Stenger writes: "The scientific method is not limited to what professional scientists do but can be applied to any question that relates to observations." He also notes that that the deities most people worship are deities that have an effect on the natural world (e.g., miracles).

Hart's emphasis, though, is on the 'deity' who makes existence itself (including all 'deities') possible. He terms this 'deity' 'God', the 'God' of classical theism. He differentiates God -- which is the only true 'God' -- with a 'deity', a 'god', who is inherently separate from its creation, manipulating its creation like a potter manipulates his clay to produce a clay pot, a potter whose death does not alter the existence of the now-made clay pot. The true 'God', however, is that which makes anything possible, and whose non-existence would necessarily mean the non-existence of all beings. Such God is not observable, and not even theoretically empirically verifiable.

Fortunately, Hart does include a chapter where he discusses how contemplative prayer is able to put one into communion with God, and how contemplative prayer is the 'method' that can confirm whether God exists, but this method does not involve 'observation' or 'empiricism'. It involves going deeply into the second characteristic of God (and of ourselves) -- consciousness (the first being 'existence' itself). Hart notes that contemplative prayer, of one sort or another, is associated with all types of theistic traditions, from Christianity to Vedanta to Sufism to Judaism and so forth (even, he hints, to Theravada Buddhism, but I digress).

The source of all being is also absolutely conscious, and the consciousness of the source of all being is inherently blissful, thus giving us the third characteristic of God: all-bliss, all-joy, which is reflected in the human desire for the 'good' (which desire even supposed 'atheists' have). Hart then ties this desire for good as posing problems for evolutionary theory's supposition that altruism can be explained by means of natural selection. Personally, I found his critique of evolution in this regard less than satisfying, but I appreciated his critique of Intelligent Design as a theology of a lesser 'god' and not the true God.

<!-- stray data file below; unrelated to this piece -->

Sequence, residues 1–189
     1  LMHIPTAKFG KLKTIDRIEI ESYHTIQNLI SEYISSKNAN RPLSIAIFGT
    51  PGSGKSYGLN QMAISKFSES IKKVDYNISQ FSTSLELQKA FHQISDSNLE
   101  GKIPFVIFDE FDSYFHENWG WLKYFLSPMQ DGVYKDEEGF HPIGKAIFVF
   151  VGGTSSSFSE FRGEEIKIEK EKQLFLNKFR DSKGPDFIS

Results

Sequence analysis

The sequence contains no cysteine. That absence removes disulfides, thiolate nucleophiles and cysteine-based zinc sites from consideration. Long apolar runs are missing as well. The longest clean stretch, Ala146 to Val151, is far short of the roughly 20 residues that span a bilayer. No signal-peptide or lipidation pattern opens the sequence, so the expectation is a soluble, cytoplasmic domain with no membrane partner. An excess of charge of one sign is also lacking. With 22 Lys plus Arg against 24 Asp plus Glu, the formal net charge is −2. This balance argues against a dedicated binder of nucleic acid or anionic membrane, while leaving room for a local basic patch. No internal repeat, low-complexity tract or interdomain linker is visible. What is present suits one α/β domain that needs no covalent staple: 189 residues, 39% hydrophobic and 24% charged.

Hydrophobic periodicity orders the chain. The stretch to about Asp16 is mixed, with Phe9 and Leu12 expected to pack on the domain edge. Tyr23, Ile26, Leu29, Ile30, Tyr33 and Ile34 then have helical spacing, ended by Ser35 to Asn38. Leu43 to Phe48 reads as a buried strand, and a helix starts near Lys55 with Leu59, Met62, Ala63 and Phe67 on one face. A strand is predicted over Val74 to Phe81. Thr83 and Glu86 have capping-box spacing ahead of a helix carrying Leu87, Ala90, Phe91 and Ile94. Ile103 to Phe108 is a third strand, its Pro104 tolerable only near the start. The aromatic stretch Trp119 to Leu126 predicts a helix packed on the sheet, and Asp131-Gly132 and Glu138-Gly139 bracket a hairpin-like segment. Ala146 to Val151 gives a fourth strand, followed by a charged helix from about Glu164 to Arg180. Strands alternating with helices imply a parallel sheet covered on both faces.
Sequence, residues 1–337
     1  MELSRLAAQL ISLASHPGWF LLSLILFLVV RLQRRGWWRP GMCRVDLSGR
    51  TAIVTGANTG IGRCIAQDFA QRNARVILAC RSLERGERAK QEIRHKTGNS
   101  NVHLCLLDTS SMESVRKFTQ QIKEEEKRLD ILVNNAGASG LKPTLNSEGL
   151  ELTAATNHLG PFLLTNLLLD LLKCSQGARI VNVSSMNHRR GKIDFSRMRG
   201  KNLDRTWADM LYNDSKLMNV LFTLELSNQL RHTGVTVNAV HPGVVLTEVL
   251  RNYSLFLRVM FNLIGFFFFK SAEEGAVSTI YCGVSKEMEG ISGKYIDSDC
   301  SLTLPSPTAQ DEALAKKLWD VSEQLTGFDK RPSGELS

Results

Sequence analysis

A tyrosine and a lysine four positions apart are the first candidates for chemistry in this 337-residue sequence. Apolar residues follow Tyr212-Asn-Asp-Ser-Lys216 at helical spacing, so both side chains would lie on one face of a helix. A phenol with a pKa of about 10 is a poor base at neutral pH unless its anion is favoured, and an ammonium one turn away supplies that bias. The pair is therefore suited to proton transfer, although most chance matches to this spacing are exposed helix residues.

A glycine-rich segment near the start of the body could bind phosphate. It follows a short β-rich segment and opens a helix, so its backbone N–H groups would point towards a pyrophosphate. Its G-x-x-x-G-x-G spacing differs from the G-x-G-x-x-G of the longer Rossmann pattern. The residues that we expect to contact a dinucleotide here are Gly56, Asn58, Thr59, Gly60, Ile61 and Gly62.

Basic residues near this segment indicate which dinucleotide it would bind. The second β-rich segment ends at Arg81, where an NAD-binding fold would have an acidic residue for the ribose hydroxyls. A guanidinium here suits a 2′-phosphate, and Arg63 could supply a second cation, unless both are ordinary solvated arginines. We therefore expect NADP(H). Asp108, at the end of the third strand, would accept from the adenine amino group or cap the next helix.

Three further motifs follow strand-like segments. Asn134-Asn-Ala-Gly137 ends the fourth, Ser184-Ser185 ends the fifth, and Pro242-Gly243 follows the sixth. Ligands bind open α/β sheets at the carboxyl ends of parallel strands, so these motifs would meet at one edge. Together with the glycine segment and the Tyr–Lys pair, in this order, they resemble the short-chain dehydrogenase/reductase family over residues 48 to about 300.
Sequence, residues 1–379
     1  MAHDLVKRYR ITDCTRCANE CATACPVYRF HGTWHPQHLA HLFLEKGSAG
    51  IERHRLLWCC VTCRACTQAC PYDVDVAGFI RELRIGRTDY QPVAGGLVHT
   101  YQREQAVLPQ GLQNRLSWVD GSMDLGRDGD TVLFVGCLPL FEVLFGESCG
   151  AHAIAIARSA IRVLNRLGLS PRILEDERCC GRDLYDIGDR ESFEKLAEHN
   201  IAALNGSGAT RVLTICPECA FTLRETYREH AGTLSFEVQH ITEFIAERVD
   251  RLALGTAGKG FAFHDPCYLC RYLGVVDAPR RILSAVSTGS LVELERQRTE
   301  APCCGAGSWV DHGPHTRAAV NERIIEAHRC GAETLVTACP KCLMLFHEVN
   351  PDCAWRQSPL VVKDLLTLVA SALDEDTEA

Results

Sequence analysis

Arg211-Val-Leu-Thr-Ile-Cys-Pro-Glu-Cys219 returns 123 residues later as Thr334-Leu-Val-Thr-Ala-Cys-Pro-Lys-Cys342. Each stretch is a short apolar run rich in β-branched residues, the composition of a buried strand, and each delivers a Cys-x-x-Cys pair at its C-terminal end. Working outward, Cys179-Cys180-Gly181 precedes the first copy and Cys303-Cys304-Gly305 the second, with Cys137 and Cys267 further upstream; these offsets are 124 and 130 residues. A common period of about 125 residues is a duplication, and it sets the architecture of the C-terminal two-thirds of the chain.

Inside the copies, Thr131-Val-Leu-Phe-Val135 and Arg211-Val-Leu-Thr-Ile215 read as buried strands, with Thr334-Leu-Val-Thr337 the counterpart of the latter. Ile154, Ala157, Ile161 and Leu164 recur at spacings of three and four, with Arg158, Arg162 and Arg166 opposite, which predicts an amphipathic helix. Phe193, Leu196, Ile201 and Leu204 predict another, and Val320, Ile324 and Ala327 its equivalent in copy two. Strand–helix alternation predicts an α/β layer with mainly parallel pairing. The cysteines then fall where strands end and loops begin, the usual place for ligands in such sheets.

I found his idea intriguing that modern atheism is not so much the result of more scientific information, but of a modern forgetting of what God really is, the mystery of being itself. In this way, much of what passes for Christian theology is actually simply another form of this forgetting, another form of atheism. Whereas the New Atheists rejects 'god', much of modern Christian theology defends 'god', being oblivious to God.

Thanks. He seems to like Seinsvergessenheit to make hay. I always wonder what he has to say that theologians who have attempted to appropriated Heidegger already haven't.
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« Reply #3574 on: November 12, 2013, 05:46:29 PM »


It's about black metal. And stuff. Lots of pictures. Semi-coffee-table book kind of thing I guess? Anyway, looks interesting enough.


Sort of a light overview of the Dragon Age universe. A bit meh really.

Also rereading the collection of texts by John Henry Newman titled: Conscience, Consensus, and the Development of Doctrine. I hope to take some notes this time around and when I'm done perhaps start a thread on the topic... hopefully one that doesn't devolve into the usual stuff. angel
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« Reply #3575 on: November 12, 2013, 09:10:56 PM »


It's about black metal. And stuff. Lots of pictures. Semi-coffee-table book kind of thing I guess? Anyway, looks interesting enough.


Sort of a light overview of the Dragon Age universe. A bit meh really.

Also rereading the collection of texts by John Henry Newman titled: Conscience, Consensus, and the Development of Doctrine. I hope to take some notes this time around and when I'm done perhaps start a thread on the topic... hopefully one that doesn't devolve into the usual stuff. angel

I thought you were gone.

Oh well . . .
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« Reply #3576 on: November 13, 2013, 12:45:21 AM »